In numbers: Just how much crime is there in France?

The Local France
The Local France - [email protected]
In numbers: Just how much crime is there in France?
Photo: AFP

Most types of crime have fallen in France, the most recent crime survey reveals, but violent offences and bank fraud have risen.


Every year the National Observatory for Crime and Punishment (ONDRP) and the National Institute for Statistics and Economic Studies (l’Insee) release an extensive quantitative study of crime in France.

By including unreported crimes the authors attempt to give a more accurate and in depth picture of the status of crime in France than police statistics, as well as trying to measure the population's fear of crime.

These are the main findings for 2018:

1. A drop in sexual offences

The number of people reporting sexual violence outside the household shrunk from 260,000 in 2017 to 185,000 in 2018.

As has been the case in previous years, only a small percentage said they had reported the crime to police.

Two thirds of the people interviewed said they had decided not to file a report because “it wouldn't have made any difference.” Only 13 percent of the total filed a police report. For the rape cases the number was slightly higher, at 21 percent.

One in five victims had never spoken about their experience with anyone, according to the study.

2. More incidents of physical violence

The study found an increase in the number of people exposed to physical violence, with 693,000 people (1.3 percent of the entire population) saying they had experienced physical aggression in 2018. In 2016 the number was 575,000.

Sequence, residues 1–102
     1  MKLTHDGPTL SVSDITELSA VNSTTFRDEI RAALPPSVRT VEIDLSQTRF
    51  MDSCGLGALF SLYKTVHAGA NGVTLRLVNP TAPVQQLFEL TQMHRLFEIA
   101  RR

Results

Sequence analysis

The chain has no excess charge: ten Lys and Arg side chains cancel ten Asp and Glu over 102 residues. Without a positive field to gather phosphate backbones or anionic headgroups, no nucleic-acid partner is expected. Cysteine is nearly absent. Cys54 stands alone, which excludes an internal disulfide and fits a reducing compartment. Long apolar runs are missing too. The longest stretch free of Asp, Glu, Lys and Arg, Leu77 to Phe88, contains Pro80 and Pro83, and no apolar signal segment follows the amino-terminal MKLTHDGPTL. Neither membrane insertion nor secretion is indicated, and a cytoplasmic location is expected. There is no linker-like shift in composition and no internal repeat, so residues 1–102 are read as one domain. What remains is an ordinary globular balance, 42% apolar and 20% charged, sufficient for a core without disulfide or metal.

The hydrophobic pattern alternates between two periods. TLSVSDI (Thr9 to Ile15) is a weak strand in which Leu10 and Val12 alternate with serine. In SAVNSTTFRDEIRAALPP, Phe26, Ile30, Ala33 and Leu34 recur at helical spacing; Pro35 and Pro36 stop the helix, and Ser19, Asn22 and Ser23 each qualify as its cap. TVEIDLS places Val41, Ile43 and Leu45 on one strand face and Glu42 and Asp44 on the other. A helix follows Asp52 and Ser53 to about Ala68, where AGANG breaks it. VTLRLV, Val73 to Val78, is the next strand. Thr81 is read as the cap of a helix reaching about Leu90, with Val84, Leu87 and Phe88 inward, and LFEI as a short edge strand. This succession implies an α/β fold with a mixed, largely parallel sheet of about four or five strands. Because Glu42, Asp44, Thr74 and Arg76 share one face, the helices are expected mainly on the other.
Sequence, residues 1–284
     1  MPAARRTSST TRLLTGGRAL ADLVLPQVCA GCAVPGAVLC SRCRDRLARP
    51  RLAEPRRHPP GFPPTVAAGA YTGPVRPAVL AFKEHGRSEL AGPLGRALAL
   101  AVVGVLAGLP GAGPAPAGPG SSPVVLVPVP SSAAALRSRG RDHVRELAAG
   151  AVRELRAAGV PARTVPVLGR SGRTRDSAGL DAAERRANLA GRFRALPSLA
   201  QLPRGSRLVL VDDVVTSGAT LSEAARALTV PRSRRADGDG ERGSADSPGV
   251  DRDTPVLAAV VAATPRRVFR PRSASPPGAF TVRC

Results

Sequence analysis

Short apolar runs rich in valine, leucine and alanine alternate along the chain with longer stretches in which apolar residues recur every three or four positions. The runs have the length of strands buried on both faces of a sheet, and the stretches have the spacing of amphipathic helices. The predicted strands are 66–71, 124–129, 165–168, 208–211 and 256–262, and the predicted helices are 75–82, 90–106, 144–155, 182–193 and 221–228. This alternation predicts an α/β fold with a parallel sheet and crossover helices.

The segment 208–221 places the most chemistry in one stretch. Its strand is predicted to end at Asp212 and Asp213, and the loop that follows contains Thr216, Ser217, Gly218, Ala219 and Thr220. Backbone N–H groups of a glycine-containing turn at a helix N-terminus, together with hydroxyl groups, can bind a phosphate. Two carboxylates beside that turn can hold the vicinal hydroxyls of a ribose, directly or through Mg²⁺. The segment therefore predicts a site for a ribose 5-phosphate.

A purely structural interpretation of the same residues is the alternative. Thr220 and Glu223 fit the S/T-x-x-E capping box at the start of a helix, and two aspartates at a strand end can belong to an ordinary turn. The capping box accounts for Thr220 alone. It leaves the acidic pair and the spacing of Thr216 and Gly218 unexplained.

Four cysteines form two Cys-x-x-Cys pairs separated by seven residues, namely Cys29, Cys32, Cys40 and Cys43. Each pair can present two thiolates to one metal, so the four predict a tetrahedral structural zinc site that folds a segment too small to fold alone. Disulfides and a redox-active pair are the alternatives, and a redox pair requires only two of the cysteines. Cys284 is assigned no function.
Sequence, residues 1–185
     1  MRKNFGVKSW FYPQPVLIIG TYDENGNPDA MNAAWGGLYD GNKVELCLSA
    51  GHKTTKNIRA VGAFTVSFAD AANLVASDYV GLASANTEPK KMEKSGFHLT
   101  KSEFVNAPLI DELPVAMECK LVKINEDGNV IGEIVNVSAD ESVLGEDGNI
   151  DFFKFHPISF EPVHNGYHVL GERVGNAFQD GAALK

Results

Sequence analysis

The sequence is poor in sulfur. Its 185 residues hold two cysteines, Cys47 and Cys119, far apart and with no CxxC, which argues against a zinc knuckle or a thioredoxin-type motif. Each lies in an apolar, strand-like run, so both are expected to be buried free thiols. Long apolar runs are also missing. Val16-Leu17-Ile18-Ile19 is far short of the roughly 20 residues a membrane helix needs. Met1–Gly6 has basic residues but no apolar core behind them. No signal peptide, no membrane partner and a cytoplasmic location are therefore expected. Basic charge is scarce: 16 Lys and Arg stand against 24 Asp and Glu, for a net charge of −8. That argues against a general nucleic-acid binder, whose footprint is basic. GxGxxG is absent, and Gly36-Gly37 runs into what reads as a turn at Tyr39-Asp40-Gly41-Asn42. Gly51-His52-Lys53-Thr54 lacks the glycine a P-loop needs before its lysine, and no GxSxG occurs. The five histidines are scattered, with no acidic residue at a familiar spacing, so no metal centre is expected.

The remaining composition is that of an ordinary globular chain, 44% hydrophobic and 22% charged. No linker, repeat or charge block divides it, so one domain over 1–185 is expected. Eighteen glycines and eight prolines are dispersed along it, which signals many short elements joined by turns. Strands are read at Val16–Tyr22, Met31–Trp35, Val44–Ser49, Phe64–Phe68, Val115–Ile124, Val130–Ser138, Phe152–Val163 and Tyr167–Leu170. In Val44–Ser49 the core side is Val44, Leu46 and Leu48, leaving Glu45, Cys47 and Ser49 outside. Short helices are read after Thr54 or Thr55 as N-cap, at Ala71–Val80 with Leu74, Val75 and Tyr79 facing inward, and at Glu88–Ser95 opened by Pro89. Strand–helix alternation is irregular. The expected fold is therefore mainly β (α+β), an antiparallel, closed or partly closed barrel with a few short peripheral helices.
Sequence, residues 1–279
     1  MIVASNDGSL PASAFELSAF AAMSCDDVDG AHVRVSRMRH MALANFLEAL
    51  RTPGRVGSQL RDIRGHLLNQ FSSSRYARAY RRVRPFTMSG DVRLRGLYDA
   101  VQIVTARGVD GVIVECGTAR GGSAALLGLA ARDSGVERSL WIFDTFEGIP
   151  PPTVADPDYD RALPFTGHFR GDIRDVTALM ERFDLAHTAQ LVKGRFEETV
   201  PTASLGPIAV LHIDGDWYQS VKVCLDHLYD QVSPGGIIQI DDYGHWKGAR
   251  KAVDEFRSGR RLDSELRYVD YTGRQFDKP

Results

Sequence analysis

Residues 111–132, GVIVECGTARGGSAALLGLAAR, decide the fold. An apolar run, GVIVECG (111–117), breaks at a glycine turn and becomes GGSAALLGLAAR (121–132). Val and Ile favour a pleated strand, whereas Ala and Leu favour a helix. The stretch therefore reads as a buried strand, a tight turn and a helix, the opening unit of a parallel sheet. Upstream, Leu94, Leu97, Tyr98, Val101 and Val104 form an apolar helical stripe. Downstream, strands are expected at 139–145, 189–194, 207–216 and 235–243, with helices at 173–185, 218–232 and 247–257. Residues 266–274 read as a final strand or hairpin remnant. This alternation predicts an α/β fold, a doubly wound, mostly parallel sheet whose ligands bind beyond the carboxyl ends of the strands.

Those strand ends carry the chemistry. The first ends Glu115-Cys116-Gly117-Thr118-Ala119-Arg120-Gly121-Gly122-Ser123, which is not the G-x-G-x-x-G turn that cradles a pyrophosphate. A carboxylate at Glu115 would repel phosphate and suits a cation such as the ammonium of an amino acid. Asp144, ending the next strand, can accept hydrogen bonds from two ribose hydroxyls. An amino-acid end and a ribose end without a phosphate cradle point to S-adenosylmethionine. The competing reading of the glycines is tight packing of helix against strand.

However, the 2018 number was lower than the trend in the early 2000s, 2008 being the peak-year with 875,000 people saying they had been victims of physical violence. Twenty-eight percent of the victims in 2018 said they had reported the crime.

3. Fewer car thefts

Last year saw the lowest level of car thefts since 2016, with 198,000 reporting their car stolen. Bicycle thefts remained at a high level with 318,000 people saying they had their bike stolen.

4. Fall in burglaries

The number of burglaries reported also dwindled from previous years. In 2018, 490,000 people said they had been victims of burglary, a 14 percent fall from the record level registered in 2017 (560,000).

Police officers secure the cordoned-off area following a bank robbery attempt in northwestern Paris in 2018. Photo: AFP

5. Fewer thefts

In total 166,000 people said they had been victims of thefts or attempted thefts in 2018, another slump compared to previous years. For 44 percent of the thefts the stolen item was a cellphone. More than 50 percent of the victims were under 30 years old.

6. Spike in bank frauds

Bank fraud crimes have been on the rise since 2010, and 2018 saw another hike with 1.2 million people reporting to have been victims of fraud. While most of the victims reported frauds of around €150, 13 percent of the victims said to have experienced more costly frauds of over €1,000. Only 23 percent of the victims reported the crime.

7. Feeling of insecurity increases

In 2018, 21 percent said they feel unsafe in their local community, a trend that has been on the rise since 2014. The highest reported level of insecurity was in Paris, with 29 percent saying they did not feel safe. In general, women feel more unsafe than men (26 percent), and young people between 18 and 29 more unsafe than the rest (26 percent).

8. Terrorism less worrying

Twenty percent considered terrorism to be the most pressing problem in France in 2019, a huge drop from the 30 percent who said the same the previous year.

Poverty and unemployment were considered to be the main problem by 19 and 16 percent respectively. The environment ranked fourth, with 14 percent listing it as the main problem in France.



Join the conversation in our comments section below. Share your own views and experience and if you have a question or suggestion for our journalists then email us at [email protected].
Please keep comments civil, constructive and on topic – and make sure to read our terms of use before getting involved.

Please log in to leave a comment.

See Also